NAIROBI  (AFP) – Kenyan environmental activist Wangari Maathai, the first African woman to be awarded the Nobel Peace Prize, has died of cancer at the age of 71, her family announced Monday.

Tributes flowed in for Maathai, who died on Sunday at a Nairobi hospital while undergoing treatment, lauding her outstanding struggle against environmental degradation.

“It is with great sadness that the family of professor Wangari Maathai announces her passing away on 25th September 2011 at the Nairobi hospital after a prolonged and bravely borne struggle with cancer,” a statement said.

Achim Steiner, director of the UN Environment Programme, described her as a “force of nature.”

“While others deployed their power and life force to damage, degrade and extract short term profit from the environment, she used hers to stand in their way,” Steiner said in a statement.

Maathai became a key figure in Kenya since founding the Green Belt Movement in 1977, staunchly campaigning for environmental conservation and good governance.

She won the 2004 Nobel Peace Prize for her reafforestation work in Kenya, the first African woman, the first Kenyan and the first environmentalist to receive this honour.

Her organisation has planted some 40 million trees across Africa.

The first woman in east and central Africa to earn a doctorate, Maathai also headed the Kenya Red Cross in the 1970s.

Maathai had been diagnosed with ovarian cancer in July 2010, her family added, but never made the illness public.

“We must try our best to find something that will give us a little comfort — the kind of comfort she herself would have given us,” said family spokeswoman Vertistine Mbaya.

Aside from her conservation work, Maathai was elected an MP in 2002 and then named the environment assistant minister, a position she held between 2003 and 2005.

“We mourn a global icon who has left an indelible mark in the world of environmental conservation,” said Kenyan President Mwai Kibaki in a statement.

For more than a decade from the 1980s, her movement also joined the struggle against the dictatorial regime of Kenya’s former president Daniel Arap Moi, with Maathai repeatedly teargassed and beaten by police.

During that time, she famously campaigned against the construction of a high-rise building in a park in central Nairobi, stopped the grabbing of forest land outside the city and successfully pressed for the release of 51 political prisoners.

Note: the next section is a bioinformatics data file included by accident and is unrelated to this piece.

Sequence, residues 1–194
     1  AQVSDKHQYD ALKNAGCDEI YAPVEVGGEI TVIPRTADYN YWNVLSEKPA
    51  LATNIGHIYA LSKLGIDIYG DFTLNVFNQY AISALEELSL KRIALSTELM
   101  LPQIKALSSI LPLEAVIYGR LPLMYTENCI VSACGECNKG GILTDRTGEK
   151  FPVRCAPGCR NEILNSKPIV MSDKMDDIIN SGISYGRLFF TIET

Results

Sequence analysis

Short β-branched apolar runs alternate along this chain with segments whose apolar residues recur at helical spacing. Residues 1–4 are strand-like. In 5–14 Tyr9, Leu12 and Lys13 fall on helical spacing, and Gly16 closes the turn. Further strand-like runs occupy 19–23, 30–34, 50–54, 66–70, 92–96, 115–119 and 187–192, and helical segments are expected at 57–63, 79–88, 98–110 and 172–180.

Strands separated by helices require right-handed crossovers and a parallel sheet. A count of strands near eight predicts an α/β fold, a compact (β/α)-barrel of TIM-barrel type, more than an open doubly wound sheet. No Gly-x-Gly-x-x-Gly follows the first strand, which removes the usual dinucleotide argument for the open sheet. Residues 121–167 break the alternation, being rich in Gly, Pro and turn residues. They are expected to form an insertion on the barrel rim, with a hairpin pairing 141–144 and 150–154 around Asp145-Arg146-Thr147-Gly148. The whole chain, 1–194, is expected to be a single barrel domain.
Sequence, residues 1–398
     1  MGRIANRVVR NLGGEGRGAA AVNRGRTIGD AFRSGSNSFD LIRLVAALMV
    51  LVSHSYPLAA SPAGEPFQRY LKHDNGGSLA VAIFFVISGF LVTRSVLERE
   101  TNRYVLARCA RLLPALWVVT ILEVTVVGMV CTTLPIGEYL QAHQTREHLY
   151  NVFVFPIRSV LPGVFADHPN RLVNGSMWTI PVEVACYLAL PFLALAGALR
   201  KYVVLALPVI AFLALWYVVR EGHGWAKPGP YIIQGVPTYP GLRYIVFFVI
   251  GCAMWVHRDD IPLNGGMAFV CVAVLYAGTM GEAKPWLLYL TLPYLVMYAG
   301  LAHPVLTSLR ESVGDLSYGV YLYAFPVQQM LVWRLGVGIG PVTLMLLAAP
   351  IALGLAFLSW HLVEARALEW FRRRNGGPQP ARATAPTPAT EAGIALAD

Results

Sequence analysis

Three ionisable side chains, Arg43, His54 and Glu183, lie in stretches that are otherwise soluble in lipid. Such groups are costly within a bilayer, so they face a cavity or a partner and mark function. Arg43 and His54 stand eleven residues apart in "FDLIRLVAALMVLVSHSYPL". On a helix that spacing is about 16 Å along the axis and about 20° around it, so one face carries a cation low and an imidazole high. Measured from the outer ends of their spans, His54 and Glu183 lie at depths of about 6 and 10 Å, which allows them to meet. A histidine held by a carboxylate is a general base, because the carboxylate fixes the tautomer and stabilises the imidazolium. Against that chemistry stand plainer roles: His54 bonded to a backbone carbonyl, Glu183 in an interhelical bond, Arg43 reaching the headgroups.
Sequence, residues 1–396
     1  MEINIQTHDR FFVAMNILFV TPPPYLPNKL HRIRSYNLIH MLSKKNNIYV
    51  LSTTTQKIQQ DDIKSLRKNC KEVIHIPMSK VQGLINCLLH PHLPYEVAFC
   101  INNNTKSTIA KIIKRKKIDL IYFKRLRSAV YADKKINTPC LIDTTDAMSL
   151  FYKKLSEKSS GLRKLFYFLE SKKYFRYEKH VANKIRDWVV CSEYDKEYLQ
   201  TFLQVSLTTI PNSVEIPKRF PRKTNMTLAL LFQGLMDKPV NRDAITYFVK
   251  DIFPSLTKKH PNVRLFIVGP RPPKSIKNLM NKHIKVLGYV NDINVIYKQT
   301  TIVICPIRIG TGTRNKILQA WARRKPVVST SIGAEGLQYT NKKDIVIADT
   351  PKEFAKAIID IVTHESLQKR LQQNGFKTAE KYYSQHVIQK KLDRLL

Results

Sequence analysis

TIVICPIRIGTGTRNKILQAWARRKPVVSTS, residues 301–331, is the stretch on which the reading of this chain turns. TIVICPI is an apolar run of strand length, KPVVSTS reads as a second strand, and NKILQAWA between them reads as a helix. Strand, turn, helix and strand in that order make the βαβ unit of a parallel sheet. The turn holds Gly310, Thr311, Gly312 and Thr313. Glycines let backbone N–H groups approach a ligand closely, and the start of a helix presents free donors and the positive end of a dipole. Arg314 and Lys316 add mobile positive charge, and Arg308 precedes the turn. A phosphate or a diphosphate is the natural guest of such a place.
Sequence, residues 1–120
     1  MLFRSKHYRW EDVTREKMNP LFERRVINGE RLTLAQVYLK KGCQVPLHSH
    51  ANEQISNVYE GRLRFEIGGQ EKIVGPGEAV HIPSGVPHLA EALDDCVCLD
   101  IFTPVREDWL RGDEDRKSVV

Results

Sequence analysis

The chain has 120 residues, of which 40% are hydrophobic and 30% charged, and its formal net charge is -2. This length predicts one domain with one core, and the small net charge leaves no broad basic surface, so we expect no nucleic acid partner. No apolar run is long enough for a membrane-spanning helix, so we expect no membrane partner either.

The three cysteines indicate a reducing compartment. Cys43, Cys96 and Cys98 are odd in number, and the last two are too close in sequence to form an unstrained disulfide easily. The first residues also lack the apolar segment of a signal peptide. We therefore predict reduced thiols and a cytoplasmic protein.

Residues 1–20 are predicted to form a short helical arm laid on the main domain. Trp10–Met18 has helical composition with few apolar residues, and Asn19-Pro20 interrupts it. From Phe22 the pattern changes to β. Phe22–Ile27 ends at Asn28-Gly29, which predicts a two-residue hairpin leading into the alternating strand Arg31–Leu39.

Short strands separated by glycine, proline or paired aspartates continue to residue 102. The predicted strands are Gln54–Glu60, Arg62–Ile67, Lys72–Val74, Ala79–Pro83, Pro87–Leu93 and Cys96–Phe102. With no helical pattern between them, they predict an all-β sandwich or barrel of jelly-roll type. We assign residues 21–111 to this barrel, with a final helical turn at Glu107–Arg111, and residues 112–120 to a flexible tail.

Maathai in recent years founded green groups and launched several campaigns against climate change and environmental protection.

Outside Kenya, she was involved in efforts to save central Africa’s Congo basin forest, the world’s second largest tropical forest. Republic of Congo’s Forest Economy Minister Henri Djombo expressed shock Monday at what he called “a great loss for the world environmental community.”

Maathai, who was divorced, is survived by three children and a granddaughter.

“Professor Maathai’s departure is untimely and a very great loss to all who knew her as a mother, relative, co-worker, colleague, role model, and heroine, or who admired her determination to make the world a more peaceful, healthier, and better place,” her family said.

Kumi Naidoo, the director of Greenpeace International, voiced sorrow at Maathai’s death.

“It is a deeply distressing and painful loss, not only to the environmental movement globally but also to the social justice movement,” Naidoo told the BBC.

Tanzanian President Jakaya Kikewete, in a Twitter message, said Maathai had been “an inspiration for many women across Africa, a magnificent visionary and embodiment of courage.”

South Africa’s Desmond Tutu, a fellow Nobel winner, said Maathai had “understood and acted on the inextricable links between poverty, rights and environmental sustainability”.

“She was a true African heroine,” Tutu added.

Nigerian environmentalist activist and Friends of the Earth International chairman, Nnimmo Bassey, praised her as a “crusader of environmental rights.”

“She stood up to political powers and showed a serious commitment to the preservation of tree species in Africa. This is something that her departure should not stop,” he said.

Comments on a Facebook page set up to mourn her death said her “innovativeness and steadfastness will be greatly missed.”

“You lived a good life, you fought a tough fight — we stand on the shoulders of a hero,” said Elizabeth Maloba. “Rest in peace, Mama Kenya,” wrote Titus Mugo.


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